temp[0][0]=1; temp[0][1]=0; temp[1][0]=0; temp[1][1]=1;
temp2=matrixMultiply(K,C,1,2,2,1);
temp3=matrixSub(temp,temp2,2,2,2,2);
P=matrixMultiply(temp3,P_est,2,2,2,2);  // 3. COVARIANCE UPDATE

temp=matrixMultiply(A,X_est,2,2,1,2);
X_est[0][0]=temp[0][0]+B[0][0]*u;
X_est[1][0]=temp[1][0]+B[1][0]*u; // 4. PREDICT NEXT STATE

temp=matrixMultiply(A,P,2,2,2,2);
float** A_inv=getInverse(A,2);
temp2=matrixMultiply(temp,A_inv,2,2,2,2);
P_est=matrixAdd(temp2,Q,2,2,2,2); // 5. PREDICT NEXT COVARIANCE

estData[0][i]=X_est[0][0]; //just saving here for later to write out
estData[1][i]=X_est[1][0];
}

for(int i=0; i<100; i++) printf("%4.2f  :  %4.2f  :  %4.2f \n", inData[0][i], noisedData[0][i], estData[0][i]); // just writing out

return (EXIT_SUCCESS);
}
``````
-
I won't attempt to answer this, but is it correct to assume the `-m/s`. I see what your getting at with the object falling, but does the continued equations realize that? Would it be better to keep it positive and subtract it where need be? Curious! –  Don'tWasteYourTime Aug 10 '12 at 11:11
I tried that - it's the same! :) –  Primož 'c0dehunter' Kralj Aug 10 '12 at 11:13
I figured as much:) –  Don'tWasteYourTime Aug 10 '12 at 11:14

## 2 Answers

It looks like you are assuming a rigid body model for the problem. If that is the case, then for the problem you are solving, I would not put in the input u when you do the process update to predict the next state. Maybe I am missing something but the input u does not play any role in generating the data.

Let me put it another way, setting u to +1 looks like your model is assuming that the body should move in the +x direction because there is an input in that direction, but the measurement is telling it to go the other way. So if you put a lot of weight on the measurements, it's going to go in the -ve direction, but if you put a lot of weight on the model, it should go in the +ve direction. Anyway, based on the data generated, I don't see a reason for setting u to anything but zero.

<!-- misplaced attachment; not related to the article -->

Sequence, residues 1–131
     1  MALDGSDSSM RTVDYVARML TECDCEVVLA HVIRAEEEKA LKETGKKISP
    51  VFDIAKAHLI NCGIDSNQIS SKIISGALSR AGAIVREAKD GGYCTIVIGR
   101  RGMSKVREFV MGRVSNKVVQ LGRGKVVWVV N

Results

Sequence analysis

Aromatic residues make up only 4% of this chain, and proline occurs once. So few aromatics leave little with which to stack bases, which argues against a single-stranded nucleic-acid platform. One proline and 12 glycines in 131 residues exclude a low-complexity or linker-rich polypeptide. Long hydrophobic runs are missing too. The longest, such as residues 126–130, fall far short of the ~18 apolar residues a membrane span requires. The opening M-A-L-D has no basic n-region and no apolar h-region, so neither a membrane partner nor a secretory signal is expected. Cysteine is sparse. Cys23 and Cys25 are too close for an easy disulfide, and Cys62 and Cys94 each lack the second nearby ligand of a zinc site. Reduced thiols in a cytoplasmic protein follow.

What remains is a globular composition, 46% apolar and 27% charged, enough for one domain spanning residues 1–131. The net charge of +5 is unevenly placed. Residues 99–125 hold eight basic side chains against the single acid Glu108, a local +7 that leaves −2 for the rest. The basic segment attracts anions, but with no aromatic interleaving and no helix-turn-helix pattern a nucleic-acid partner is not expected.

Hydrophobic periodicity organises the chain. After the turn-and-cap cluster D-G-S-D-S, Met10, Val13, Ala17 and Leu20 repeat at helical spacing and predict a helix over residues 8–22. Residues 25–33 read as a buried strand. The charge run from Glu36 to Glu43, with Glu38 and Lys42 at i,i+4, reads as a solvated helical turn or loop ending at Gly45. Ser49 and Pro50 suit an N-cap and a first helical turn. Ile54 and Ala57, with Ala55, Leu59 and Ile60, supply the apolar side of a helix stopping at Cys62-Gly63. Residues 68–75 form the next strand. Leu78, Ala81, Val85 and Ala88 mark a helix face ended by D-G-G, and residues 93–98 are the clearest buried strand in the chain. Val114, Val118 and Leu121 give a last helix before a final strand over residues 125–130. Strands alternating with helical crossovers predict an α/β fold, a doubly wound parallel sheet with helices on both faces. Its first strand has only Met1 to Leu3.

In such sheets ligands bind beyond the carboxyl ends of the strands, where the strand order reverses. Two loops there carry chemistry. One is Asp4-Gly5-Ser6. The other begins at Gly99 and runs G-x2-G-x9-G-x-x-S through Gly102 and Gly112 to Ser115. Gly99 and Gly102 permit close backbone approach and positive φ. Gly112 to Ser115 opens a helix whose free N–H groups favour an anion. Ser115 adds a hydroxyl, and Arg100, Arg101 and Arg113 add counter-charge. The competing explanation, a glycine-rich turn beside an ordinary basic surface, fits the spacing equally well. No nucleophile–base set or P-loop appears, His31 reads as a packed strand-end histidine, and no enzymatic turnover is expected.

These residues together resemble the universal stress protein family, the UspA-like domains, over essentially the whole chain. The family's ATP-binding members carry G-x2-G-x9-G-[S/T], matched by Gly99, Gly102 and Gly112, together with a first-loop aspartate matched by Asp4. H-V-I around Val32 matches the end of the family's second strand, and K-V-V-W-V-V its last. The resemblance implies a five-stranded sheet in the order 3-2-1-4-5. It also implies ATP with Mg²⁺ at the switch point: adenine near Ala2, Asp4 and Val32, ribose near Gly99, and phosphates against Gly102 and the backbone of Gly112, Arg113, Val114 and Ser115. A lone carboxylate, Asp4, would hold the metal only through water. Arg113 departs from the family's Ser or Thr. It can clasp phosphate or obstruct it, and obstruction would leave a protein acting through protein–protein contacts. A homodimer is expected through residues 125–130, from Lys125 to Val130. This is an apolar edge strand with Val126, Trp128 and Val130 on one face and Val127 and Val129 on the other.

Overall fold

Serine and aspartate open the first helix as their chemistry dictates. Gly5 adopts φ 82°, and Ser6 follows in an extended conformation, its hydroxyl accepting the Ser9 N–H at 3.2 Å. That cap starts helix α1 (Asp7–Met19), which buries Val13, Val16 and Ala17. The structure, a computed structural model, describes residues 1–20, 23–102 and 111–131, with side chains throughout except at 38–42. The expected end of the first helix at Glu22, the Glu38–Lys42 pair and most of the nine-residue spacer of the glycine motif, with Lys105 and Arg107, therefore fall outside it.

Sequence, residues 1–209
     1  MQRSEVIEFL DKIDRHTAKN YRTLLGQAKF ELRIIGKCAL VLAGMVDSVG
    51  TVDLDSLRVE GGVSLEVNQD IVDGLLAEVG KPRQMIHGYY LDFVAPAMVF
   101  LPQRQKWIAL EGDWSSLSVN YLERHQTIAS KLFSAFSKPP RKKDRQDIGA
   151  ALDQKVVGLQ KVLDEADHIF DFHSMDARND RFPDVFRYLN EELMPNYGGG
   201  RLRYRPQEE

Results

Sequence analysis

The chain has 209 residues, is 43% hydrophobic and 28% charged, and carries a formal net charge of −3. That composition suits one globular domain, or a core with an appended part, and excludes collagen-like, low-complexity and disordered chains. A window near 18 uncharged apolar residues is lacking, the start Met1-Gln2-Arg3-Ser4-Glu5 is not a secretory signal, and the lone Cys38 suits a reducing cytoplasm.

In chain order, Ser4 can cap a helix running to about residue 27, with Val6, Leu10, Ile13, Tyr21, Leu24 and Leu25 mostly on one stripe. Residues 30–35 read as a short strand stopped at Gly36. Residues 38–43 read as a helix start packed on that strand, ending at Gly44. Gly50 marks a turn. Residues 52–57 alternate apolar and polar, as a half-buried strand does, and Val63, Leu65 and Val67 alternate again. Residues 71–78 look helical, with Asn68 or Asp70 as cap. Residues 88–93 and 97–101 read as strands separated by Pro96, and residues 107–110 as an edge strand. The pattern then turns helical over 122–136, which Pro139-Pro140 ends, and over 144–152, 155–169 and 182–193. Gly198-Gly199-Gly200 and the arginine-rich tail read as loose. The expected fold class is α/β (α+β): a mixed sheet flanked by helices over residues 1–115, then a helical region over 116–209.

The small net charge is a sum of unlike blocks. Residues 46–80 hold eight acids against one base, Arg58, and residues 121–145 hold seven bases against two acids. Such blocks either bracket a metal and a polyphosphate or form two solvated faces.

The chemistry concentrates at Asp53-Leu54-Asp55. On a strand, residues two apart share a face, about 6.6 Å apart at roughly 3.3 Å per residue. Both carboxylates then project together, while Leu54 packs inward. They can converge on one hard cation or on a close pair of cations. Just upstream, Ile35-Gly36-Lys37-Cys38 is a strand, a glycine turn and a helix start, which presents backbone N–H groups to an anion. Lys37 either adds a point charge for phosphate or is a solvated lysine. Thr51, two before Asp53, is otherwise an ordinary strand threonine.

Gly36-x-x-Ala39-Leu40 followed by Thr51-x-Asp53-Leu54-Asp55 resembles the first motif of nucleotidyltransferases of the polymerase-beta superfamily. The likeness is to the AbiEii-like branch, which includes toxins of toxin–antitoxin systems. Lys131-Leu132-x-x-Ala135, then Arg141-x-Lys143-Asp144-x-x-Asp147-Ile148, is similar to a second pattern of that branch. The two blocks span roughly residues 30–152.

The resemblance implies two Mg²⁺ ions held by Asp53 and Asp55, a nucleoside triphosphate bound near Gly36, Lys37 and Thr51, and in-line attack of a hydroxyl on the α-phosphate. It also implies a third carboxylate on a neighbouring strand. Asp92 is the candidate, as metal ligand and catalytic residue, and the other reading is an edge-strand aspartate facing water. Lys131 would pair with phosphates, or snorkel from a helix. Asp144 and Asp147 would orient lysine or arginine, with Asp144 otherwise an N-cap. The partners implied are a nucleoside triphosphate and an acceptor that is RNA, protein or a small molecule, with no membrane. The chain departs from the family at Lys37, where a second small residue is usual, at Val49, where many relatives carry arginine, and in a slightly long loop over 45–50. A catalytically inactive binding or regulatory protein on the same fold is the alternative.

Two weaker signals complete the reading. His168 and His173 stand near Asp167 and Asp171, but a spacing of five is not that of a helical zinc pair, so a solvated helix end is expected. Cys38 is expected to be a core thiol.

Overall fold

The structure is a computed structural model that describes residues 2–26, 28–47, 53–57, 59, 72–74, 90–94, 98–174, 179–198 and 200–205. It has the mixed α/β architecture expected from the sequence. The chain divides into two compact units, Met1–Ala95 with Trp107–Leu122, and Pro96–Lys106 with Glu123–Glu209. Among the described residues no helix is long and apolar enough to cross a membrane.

Another thing, your sampling rate is 0.1 Hz, But when you generate data, you are assuming it's one second, since every sample, the position is changed by -10 meters per second.

Here is a matlab/octave implementation.

``````l    = 1000;
Ts   =  0.1;
y    =  3000; %measurement to be fed to KF
v    = -10; % METERS PER SECOND
t    = [y(1);v]; % truth for checking if its working

for i=2:l
y(i)   = y(i-1) + (v)*Ts;
t(:,i) = [y(i);v];          % copy to truth vector
y(i)   = y(i) + randn;     % noise it up
end

%%%%% Let the filtering begin!

% Define dynamics
A = [1, Ts; 0, 1];
B = [0;0];
C = [1,0];

% Steady State Kalman Gain computed for R = 0.1, Q = [0,0;0,0.1]
K = [0.44166;0.79889];

x_est_post = [3000;0];

for i=2:l
x_est_pre = A*x_est_post(:,i-1); % Process update! That is our estimate in case no measurement comes in.

%%% OMG A MEASUREMENT!
x_est_post(:,i) = x_est_pre + K*(-x_est_pre(1)+y(i));
end
``````

-

You are doing a lot of weird array indexing.

``````float** A=createMatrix(2,2);
A[0][0]=1;
A[0][3]=sampleRate;
A[1][0]=0;
A[1][4]=1;
``````

What is the expected outcome of indexing outside of the bounds of the array?

-
I don't know where that numbers came from. In my code everything is alright. I've fixed it here too. –  Primož 'c0dehunter' Kralj Aug 10 '12 at 11:16